Educator Evaluation

The Massachusetts Educator Evaluation Framework

The Massachusetts Educator Evaluation Framework, adopted by the Board of Elementary and Secondary Education in 2011, is designed to promote student learning, growth, and achievement by providing educators with feedback for improvement, enhanced opportunities for professional growth, and clear structures for accountability.

There are six key features of the Educator Evaluation Framework:

Standards of Effective Practice

The Standards and Indicators for both teachers and administrators establish a statewide understanding about what effective teaching and administrative practice looks like (603 CMR 35.03 and 603 CMR 35.04):

Standards of Effective TeachingStandards of Effective Administrative Leadership
  1. Curriculum, Planning, and Assessment
  2. Teaching All Students
  3. Family and Community Engagement
  4. Professional Culture
  1. Instructional Leadership
  2. Management and Operations
  3. Family and Community Engagement
  4. Professional Culture

Rubrics

The Standards and Indicators are "translated" into rubrics that describe practice in detail at different levels of performance. Educators and evaluators use the rubric most appropriate to the role of the educator as a foundation for self-assessment, evidence collection, formative assessment and summative evaluation

Learn more about the Model Rubrics.

Three Categories of Evidence

Evaluators rely upon three types of evidence to assess educator performance on the Standards and Indicators (603 CMR 35.07(1)):

  • Multiple measures of student learning, growth, and achievement, including classroom assessments, common assessments comparable across grade or subject district-wide, and state-wide growth measures where available, including the MCAS Student Growth Percentile (SGP) and ACCESS for English Learners.

  • Judgments based on observations and artifacts of professional practice, including unannounced observations of practice of any duration; and

  • Additional evidence relevant to one or more Performance Standards, including student feedback as a source of evidence when evaluating teachers, and staff feedback as a source of evidence when evaluating administrators.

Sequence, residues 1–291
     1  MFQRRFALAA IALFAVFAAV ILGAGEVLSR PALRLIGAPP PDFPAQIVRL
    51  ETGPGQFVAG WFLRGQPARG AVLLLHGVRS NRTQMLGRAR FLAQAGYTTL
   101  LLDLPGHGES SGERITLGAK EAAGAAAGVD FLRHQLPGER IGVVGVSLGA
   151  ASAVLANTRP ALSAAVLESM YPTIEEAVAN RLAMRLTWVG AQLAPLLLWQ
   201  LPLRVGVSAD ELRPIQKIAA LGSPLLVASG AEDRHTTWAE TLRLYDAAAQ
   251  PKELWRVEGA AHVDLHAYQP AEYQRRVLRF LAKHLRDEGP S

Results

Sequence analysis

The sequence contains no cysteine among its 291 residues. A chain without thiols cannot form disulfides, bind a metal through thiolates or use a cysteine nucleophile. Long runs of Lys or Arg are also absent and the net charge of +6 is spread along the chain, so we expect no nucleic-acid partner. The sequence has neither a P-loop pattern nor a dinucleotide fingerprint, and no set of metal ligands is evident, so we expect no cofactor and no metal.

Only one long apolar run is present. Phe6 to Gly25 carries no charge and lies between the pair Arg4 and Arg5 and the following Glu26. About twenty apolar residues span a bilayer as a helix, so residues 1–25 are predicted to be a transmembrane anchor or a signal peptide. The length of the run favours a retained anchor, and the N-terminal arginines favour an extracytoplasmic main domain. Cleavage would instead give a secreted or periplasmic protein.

Learn more about Evidence Collection.

Performance Ratings

Educators receive a rating on each Standard and overall (603 CMR 35.08). All educators earn one of four ratings: Exemplary, Proficient, Needs Improvement, or Unsatisfactory. Each rating has a specific meaning:

  • Exemplary performance represents a level of performance that exceeds the already high standard of Proficient. A rating of Exemplary is reserved for performance that is of such a high level that it could serve as a model.

  • Proficient performance is understood to be fully satisfactory. This is the rigorous expected level of performance; demanding, but attainable.

  • Needs Improvement indicates performance that is below the requirements of a Standard but is not considered to be Unsatisfactory at the time. Improvement is necessary and expected.

  • Unsatisfactory performance is merited when performance has not significantly improved following a rating of Needs Improvement, or performance is consistently below the requirements of a standard and is considered inadequate, or both.

Learn more about Performance Ratings:


Educator Plans

The Summative Performance Rating determines the type of educator plan an educator will use in their next cycle.

Plan typeWho is assigned the plan?Who develops the plan?How long is the plan?
Self-Directed Growth PlanExperienced educators rated proficient or exemplaryEducatorOne or two years
Directed Growth PlanExperienced educators rated needs improvementEducator and EvaluatorUp to one year
Improvement PlanExperienced educators rated unsatisfactoryEvaluator30 days to one year
Developing Educator PlanTeachers without PST and administrators in their first three yearsEducator and EvaluatorOne year

Learn more about Educator Plans .

Five-Step Evaluation Cycle

The 5-Step Cycle drives the evaluation process and includes the following steps:

  • Self-assessment
  • Goal setting and plan development
  • Plan implementation
  • Formative assessment/evaluation
  • Summative evaluation

Learn more about the 5-Step Evaluation Cycle.

The 5-Step Cycle: Step 1 self-assessment; step 2 analysis, goal setting, and plan development; step 3 implementation of the plan; step 4 formative assessment/evaluation; step 5 summative evaluation.

Resources for Educator Evaluation Implementation in 2021-22

As educators strive to meet students' academic and social-emotional learning needs after two unprecedented school years, the educator evaluation process provides an opportunity to meaningfully support, recognize, and develop practice. Please click the Implementation in 21-22 tab (left) to access resources and practical tools to help focus and streamline the experience of evaluation in order to ensure that all educators are supported, receiving high-quality feedback, and recognized for their efforts during this year.

Use of Statewide Assessments in 2020-21

  • Memorandum on Educator Evaluation & 2021 Statewide Assessments
    The Department has determined that the 2021 MCAS Student Growth Percentile and ACCESS for ELLs test data will not be available for the limited purpose of its use in 2021 educator evaluation performances. An educator's impact on student learning should continue to be analyzed across multiple measures and incorporated into judgments of practice alongside all other required types of evidence.

Last Updated: April 11, 2022

 
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